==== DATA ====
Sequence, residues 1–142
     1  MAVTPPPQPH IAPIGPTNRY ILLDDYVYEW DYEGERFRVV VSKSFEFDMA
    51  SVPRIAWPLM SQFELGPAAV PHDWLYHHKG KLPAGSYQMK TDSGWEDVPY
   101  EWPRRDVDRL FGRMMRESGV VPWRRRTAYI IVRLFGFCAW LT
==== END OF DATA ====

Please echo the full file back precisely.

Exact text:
Sequence, residues 1–142
     1  MAVTPPPQPH IAPIGPTNRY ILLDDYVYEW DYEGERFRVV VSKSFEFDMA
    51  SVPRIAWPLM SQFELGPAAV PHDWLYHHKG KLPAGSYQMK TDSGWEDVPY
   101  EWPRRDVDRL FGRMMRESGV VPWRRRTAYI IVRLFGFCAW LT